Fragment: Breviary (Germany)
Date: c. 1150-1200
Found in: Mascardi, Alderano. Communes i. v. conclusiones, ad generalem quorum cunque statutorum interpretationem acommodatae. Frankfurt: Wolfgang Richter, 1609.
The fragment of a breviary seen here was cut in half to make the cover for this book, and it remained in place for almost four hundred years, accented by decorative pieces of stamped leather. When a bomb exploded in the Law School in May 2003, the book got wet, causing parts of the cover to come unglued. When the book was repaired, the cover was removed completely, allowing us to see both sides of the fragment. What we find is a portion of the service for Lauds on the eleventh Sunday after Pentecost. The end of the reading (from Proverbs) is followed by the lesson (attributed to the theologian Bede around 700), and an antiphon based on the Gospel passage that forms the subject of that lesson (Luke 8:10-13). The neumes here are of the Messine variety, arranged on a four-line staff with the F-line in red.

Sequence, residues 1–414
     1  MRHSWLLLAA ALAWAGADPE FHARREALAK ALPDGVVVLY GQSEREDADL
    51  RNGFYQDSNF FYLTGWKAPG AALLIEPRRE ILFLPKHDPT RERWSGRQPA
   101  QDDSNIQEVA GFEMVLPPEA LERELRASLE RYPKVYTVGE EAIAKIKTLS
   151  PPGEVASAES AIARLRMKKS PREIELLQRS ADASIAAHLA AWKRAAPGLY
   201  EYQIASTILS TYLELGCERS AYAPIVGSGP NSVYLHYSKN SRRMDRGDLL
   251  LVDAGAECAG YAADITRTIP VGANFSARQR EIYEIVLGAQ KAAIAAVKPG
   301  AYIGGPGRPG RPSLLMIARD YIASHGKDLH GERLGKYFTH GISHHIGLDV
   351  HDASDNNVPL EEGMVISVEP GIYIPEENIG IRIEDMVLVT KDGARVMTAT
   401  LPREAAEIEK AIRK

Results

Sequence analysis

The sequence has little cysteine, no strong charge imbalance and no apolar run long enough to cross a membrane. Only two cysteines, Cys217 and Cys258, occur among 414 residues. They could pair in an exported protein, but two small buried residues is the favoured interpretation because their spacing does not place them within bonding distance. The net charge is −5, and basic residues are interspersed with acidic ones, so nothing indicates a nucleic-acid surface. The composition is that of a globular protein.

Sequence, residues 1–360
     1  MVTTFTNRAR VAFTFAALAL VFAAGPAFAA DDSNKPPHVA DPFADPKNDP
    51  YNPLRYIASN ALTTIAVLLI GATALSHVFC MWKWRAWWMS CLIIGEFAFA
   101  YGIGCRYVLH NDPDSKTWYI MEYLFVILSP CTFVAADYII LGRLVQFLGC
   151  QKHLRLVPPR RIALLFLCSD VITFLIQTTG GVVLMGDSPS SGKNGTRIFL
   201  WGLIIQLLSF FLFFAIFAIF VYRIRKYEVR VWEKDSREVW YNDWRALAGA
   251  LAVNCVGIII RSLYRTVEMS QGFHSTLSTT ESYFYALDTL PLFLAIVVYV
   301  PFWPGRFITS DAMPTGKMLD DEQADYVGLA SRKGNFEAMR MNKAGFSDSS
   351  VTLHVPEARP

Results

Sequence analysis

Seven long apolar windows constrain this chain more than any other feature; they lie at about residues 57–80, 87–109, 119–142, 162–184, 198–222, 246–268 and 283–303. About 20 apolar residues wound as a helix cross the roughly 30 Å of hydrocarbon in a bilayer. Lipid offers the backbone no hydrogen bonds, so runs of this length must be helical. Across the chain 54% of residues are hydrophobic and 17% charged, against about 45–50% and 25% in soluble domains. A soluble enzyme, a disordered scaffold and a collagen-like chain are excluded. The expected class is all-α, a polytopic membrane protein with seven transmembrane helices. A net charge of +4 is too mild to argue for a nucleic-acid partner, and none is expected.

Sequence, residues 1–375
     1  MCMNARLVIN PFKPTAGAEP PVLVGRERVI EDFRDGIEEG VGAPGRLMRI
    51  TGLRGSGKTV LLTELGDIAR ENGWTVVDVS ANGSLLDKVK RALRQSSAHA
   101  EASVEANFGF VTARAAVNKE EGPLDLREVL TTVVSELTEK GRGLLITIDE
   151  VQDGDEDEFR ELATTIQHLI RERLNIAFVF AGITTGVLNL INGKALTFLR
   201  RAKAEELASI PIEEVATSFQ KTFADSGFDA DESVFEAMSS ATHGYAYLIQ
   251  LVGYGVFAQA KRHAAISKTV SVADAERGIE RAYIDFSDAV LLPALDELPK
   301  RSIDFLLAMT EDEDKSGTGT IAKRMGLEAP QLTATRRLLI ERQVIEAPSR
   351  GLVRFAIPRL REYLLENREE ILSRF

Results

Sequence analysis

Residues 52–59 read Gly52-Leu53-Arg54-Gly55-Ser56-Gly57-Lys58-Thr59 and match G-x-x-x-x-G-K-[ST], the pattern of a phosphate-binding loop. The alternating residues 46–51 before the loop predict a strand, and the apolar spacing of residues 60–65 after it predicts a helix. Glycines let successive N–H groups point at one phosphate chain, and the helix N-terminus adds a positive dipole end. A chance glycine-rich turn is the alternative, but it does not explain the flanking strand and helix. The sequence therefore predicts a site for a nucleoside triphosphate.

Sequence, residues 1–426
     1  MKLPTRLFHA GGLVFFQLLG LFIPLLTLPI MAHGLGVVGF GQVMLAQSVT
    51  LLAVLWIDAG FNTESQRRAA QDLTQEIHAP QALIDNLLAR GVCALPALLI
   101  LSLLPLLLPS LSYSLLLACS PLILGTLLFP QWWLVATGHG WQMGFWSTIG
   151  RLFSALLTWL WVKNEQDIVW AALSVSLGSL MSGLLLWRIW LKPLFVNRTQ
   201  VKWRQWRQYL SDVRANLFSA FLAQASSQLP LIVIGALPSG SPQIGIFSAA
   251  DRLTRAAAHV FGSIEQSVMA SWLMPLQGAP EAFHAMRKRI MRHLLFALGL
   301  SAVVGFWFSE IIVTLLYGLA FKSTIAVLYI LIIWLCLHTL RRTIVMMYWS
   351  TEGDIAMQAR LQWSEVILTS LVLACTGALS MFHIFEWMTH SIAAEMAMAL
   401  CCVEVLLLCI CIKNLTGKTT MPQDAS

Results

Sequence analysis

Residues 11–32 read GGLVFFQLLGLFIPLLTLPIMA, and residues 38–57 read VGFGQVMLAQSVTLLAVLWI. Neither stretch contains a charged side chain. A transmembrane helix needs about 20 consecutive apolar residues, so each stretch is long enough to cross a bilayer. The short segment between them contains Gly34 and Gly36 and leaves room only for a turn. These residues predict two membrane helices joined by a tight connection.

– Notes by Benjamin Yousey-Hindes, Stanford University
POSTSCRIPT: Thanks to Richard Rouse (UCLA) for clarifying the origin of the manuscript fragment, and to George Brown (Stanford University) for correcting the identity of the text and its attribution to Bede.
Larger versions of this and other images are available from the Medieval binding fragments gallery of the Rare Book Collection’s Flickr site. If you can provide additional information about the manuscript fragment displayed here, you are invited to send an email to .
“Reused, Rebound, Recovered: Medieval Manuscript Fragments in Law Book Bindings” is curated by Benjamin Yousey-Hindes and Mike Widener, and is on display through May 2010 in the Rare Book Exhibition Gallery, Level L2, Lillian Goldman Law Library, Yale Law School.